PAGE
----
notion that Judaism grows and evolves through time and in culture. The
God in whom I believe wants me to grapple and grow, not to mock and shrink.
And besides, there's a great deal to quote in the Talmud: in each
generation it is up to us to choose what we wish to quote. It is worth
reading further in the Talmudic passage to which MK Benizri referred.
Another explanation for the existence of earthquakes is given in the
name of Rabanan, the Sages as a collective: they say it is the continued
existence of fruitless conflicts which causes a shift in the Richter
Scale. It's lucky the MK didn't quote this in the Knesset - there might
have been a landslide.

Veterans: From America to Kibbutz Gezer

Veterans: From America to Kibbutz Gezer

Rabbi Miri Gold and David Leichman
From Detroit/New York to Kibbutz Gezer, 1977/1976
Though gezer means "carrot" in modern Hebrew, the kibbutz that bears its
name sits on a green swath of land near Ramle that was known as Gezer a
good 1,000 years before the orange vegetable came to share the word.
Yet the edible connotation is appropriate for the longtime home of David
Leichman and his wife of 30 years, Rabbi Miri Gold. The pair met in the
kitchen of the kibbutz and have chopped many a carrot side by side.
Gold was raised in a Zionist household in Detroit; Leichman in one in
Queens, New York.
"Although we didn't know each other, we have a very similar story," says
Leichman. "We both grew up in Conservative families, who even used the
same cookbook, Jewish Cookery."
Both visited Israel for the first time in 1966 on high-school programs
that would change the course of their lives. For Gold, the seven-week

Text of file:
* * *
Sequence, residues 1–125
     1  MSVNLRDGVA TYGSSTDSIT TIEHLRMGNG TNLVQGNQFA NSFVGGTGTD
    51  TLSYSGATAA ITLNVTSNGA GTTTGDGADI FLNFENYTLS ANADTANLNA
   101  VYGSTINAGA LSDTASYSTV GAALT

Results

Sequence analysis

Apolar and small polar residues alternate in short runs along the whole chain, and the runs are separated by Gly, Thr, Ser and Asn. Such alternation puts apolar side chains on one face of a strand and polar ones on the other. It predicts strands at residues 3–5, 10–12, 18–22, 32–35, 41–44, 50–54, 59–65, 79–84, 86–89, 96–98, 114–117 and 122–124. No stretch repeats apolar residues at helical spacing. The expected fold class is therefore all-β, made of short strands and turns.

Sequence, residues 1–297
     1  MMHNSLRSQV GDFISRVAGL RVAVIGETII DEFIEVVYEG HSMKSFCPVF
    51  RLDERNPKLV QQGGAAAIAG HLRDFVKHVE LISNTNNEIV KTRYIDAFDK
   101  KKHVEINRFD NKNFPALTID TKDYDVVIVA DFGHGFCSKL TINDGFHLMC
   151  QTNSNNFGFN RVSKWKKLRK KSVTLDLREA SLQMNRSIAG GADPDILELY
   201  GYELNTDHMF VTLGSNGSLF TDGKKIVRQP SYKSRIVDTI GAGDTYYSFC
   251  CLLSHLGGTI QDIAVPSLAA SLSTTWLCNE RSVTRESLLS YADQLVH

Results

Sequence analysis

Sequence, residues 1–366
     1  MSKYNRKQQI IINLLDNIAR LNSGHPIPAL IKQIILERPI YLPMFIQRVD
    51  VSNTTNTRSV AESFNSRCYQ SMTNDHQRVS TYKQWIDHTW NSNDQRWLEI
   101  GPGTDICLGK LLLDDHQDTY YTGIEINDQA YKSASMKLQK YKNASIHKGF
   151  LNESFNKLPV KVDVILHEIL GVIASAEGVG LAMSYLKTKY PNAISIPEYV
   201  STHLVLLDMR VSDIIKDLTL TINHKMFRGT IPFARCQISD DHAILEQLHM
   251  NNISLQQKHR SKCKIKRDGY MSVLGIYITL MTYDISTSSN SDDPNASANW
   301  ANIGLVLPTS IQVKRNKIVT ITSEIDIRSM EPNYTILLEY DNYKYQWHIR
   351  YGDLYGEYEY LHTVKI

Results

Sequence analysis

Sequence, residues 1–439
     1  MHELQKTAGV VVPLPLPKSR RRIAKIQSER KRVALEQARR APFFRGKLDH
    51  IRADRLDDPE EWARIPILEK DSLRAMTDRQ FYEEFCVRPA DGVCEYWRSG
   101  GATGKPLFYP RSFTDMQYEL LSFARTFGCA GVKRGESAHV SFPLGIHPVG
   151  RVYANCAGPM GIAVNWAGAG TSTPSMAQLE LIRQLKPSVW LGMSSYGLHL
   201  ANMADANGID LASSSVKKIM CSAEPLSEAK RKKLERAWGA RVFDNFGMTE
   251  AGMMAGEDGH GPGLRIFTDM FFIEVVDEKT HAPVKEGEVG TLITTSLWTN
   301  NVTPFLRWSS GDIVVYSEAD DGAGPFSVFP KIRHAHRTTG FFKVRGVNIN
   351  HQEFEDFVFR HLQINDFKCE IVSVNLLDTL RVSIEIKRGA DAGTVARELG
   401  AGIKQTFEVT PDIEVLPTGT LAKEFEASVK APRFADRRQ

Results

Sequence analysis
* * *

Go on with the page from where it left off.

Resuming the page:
trip led to a decision to come back for her junior year of college.
"After that year, I knew I wanted to come back here to live. I just
didn't know exactly when or how," she says. "When the Yom Kippur War
came, it speeded up my plans." She spent three months in the kitchen of
Kibbutz Grofit just after the war, determined to return.
For Leichman, the visit led to a position as regional head of United
Synagogue Youth's Israel Committee. He, too, returned to Israel to start
college, but the pull of late-1960s social revolution drew him back to
finish school in the US and immerse himself in Israel activism.
During the summers of 1971 and 1973, he led American Zionist Youth
Federation trips to Israel and later worked for the Jewish Agency and
the Hillel Foundation for Jewish Campus Life. Upon moving to Berkeley,
California, after graduation, he headed the Northwest Region of Young
Judaea. There, he and several like-minded friends prepared for aliya by
learning practical skills such as cooking and shoemaking.
Unbeknown to him, Gold had also moved to Berkeley, where she connected
with a seed group, or garin, planning to move together to Israel.
By 1974, the group had decided to go to Gezer, a defunct kibbutz with a
long history, waiting to be given new life.
"Our garin wanted a community that would not fit into the secular or
religious kibbutz model," Gold says. "We agreed we wanted to have a
kosher kitchen, so most people could feel comfortable eating here. At
the same time, we were going to try to create a liberal Jewish
community, blending where we came from - mostly Conservative and Reform
homes - with Israeli Judaism, a lot of which comes from the kibbutz
Driven by identical goals, Leichman had joined the garin and made aliya
in October 1976. Gold arrived in February, just as the group completed
10 weeks of ulpan.
After learning farming, factory and fixing skills for six months at
Kibbutz Tzora ("I think everyone in our garin had a degree in humanities
or social sciences," says Gold with a smile), she and Leichman found
themselves running the kitchen of what would become their lifelong home.
To her disappointment, Gold saw that the religious ideals of the group
weren't translating to reality. "Everybody was struggling to figure out
how to make the place work on a daily basis and the Jewish thing never
really took off," she recalls.
Soon, however, the kibbutz secured a Torah and invited Levi Kelman, a
newly minted Conservative rabbi who now leads Kehilat Kol Haneshama in
Jerusalem. He remained at Gezer for four years and officiated at Gold's
much-delayed bat mitzva.
After marrying in 1979, Gold and Leichman got involved in activities
such as clandestine trips to the Soviet Union on behalf of the
government, along with Leichman's father, Gil, who now lives here half
the year.